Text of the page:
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Post-Partisanship Era? Puhleez

Fair Game


Published June 29, 2011 at 10:24 a.m.

Fair Game is Seven Days’ weekly political column.

When Gov. Peter Shumlin signed the new health care bill into law last month, he gave a shout-out to a pair of Progressive politicians: Rep. Chris Pearson (P-Burlington) and Sen. Anthony Pollina (P/D/W-Washington).

“Credit where credit is due: Pollina and Pearson have been on this for a while,” quipped Shumlin.

It’s true: Progressives have been calling for a single-payer health care system since they were all crawling around in red diapers.

Which is why it seems odd that the Vermont Democratic Party is now lambasting Progs for undermining health care reform.

Really? How?

In a fundraising email — titled “Redistricting Tactics Threaten Healthcare Reform” — Vermont Democratic Party executive director Jesse Bragg said an alliance between the two Progressives and two Republicans on the seven-member Legislative Apportionment Board would “threaten the success of Governor Shumlin’s health care plan and many other democratic efforts that we’ve all worked hard to advance.”

Not sure that letter helps Shumlin’s effort to keep Progressives happy by acknowledging their hard work and in return hoping they don’t (ahem) run a gubernatorial candidate in 2012. Or run against incumbent Democrats in Prog-leaning districts.

As “Fair Game” noted earlier this month, legislative reapportionment is usually as exciting as watching paint dry. Not this year.

Progressives and Republicans have embraced a plan to redraw the state’s House districts into 150 single-member districts, rather than the mix of single and two-member districts in place now. The current map helped Democrats create the “supermajority” they enjoy under the Golden Dome.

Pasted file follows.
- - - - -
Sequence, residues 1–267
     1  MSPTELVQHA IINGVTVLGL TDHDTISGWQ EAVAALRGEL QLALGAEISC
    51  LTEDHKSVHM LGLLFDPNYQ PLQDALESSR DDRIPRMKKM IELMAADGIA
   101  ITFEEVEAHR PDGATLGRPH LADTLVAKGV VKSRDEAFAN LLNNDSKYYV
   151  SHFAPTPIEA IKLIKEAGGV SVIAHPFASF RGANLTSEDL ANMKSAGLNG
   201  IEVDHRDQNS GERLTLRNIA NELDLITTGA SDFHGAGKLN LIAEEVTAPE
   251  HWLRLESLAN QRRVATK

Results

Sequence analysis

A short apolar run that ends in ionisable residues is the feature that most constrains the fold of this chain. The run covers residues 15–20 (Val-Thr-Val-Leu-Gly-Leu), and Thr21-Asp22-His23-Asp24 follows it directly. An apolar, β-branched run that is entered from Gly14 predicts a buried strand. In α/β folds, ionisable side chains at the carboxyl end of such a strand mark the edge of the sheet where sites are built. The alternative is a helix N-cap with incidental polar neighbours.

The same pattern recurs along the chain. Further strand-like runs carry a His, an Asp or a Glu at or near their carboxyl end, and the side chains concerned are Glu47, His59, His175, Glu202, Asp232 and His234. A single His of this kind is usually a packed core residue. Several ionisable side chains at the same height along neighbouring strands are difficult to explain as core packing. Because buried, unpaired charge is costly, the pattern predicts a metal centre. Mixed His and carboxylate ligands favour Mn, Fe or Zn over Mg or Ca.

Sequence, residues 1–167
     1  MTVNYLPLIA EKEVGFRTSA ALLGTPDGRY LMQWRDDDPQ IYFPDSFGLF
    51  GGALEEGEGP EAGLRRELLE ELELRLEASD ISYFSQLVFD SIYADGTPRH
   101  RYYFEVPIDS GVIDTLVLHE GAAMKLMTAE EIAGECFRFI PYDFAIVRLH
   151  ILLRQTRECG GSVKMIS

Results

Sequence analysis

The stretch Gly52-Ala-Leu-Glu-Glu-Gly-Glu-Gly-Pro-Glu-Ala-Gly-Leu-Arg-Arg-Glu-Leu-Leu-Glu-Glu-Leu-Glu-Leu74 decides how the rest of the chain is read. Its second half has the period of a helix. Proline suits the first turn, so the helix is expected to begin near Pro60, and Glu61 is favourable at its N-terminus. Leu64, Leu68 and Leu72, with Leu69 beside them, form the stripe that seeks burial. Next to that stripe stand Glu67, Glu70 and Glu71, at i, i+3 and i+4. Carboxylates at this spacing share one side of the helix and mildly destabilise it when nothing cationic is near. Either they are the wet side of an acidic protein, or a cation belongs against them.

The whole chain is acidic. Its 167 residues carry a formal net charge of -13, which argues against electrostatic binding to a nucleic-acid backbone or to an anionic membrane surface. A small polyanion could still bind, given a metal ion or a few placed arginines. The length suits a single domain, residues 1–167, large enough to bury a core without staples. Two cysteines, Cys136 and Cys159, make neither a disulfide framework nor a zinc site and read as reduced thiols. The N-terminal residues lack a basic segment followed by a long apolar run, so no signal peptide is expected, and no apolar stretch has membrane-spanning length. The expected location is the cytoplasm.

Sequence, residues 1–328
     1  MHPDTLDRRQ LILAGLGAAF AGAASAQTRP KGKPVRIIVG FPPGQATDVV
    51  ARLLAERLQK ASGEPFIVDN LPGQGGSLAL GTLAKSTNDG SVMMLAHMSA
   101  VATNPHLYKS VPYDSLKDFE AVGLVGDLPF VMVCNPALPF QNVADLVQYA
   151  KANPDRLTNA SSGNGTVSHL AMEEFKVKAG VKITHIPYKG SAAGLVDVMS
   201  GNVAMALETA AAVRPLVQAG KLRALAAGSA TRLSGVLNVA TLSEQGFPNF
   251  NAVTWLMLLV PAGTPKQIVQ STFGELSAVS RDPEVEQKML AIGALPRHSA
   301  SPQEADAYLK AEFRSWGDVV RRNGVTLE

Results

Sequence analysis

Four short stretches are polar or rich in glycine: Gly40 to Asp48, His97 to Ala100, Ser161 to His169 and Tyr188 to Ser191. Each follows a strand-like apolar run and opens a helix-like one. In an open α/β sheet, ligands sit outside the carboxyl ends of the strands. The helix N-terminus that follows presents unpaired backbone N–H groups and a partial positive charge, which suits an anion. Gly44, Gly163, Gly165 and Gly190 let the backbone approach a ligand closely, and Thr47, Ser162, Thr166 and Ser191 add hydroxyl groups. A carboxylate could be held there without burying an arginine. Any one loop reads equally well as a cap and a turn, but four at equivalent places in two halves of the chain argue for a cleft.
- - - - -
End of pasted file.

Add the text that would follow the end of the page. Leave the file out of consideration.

The Dems see no reason to mess with success, even if it means disenfranchising a few voters. It’s all for the greater good, right?

“This year the GOP and Progressive Party representative board members have taken an activist role and have politicized this process by threatening to reshape the entire landscape of the state in order to score electoral gains in 2012,” Bragg wrote in the fundraising email.

Local officials will soon review the LAB’s proposed House map. After that review, the LAB will put final touches on its proposal and send it to the legislature by August 15. A new political map for the state’s 30 senators will also be sent to the Senate on August 15.

Once the plans hit the legislature, lawmakers can accept them, rework them or toss them out and start fresh. One hundred sixteen of the 180 are Dems.

Progressives responded to Bragg’s email appeal with a mocking fundraising request of their own: “Partisanship Threatens Redistricting (but is good for fundraising).”

In the Progs’ email, party executive director Morgan Daybell responded directly to the Dem’s charge: “So what is the nefarious Progressive plan for killing health care? Apparently we will kill it by giving Vermonters greater access to their elected representatives!”

Daybell went on, “Thanks for reading, and for supporting the party that supported single-payer health care before it was another opportunity to compromise.”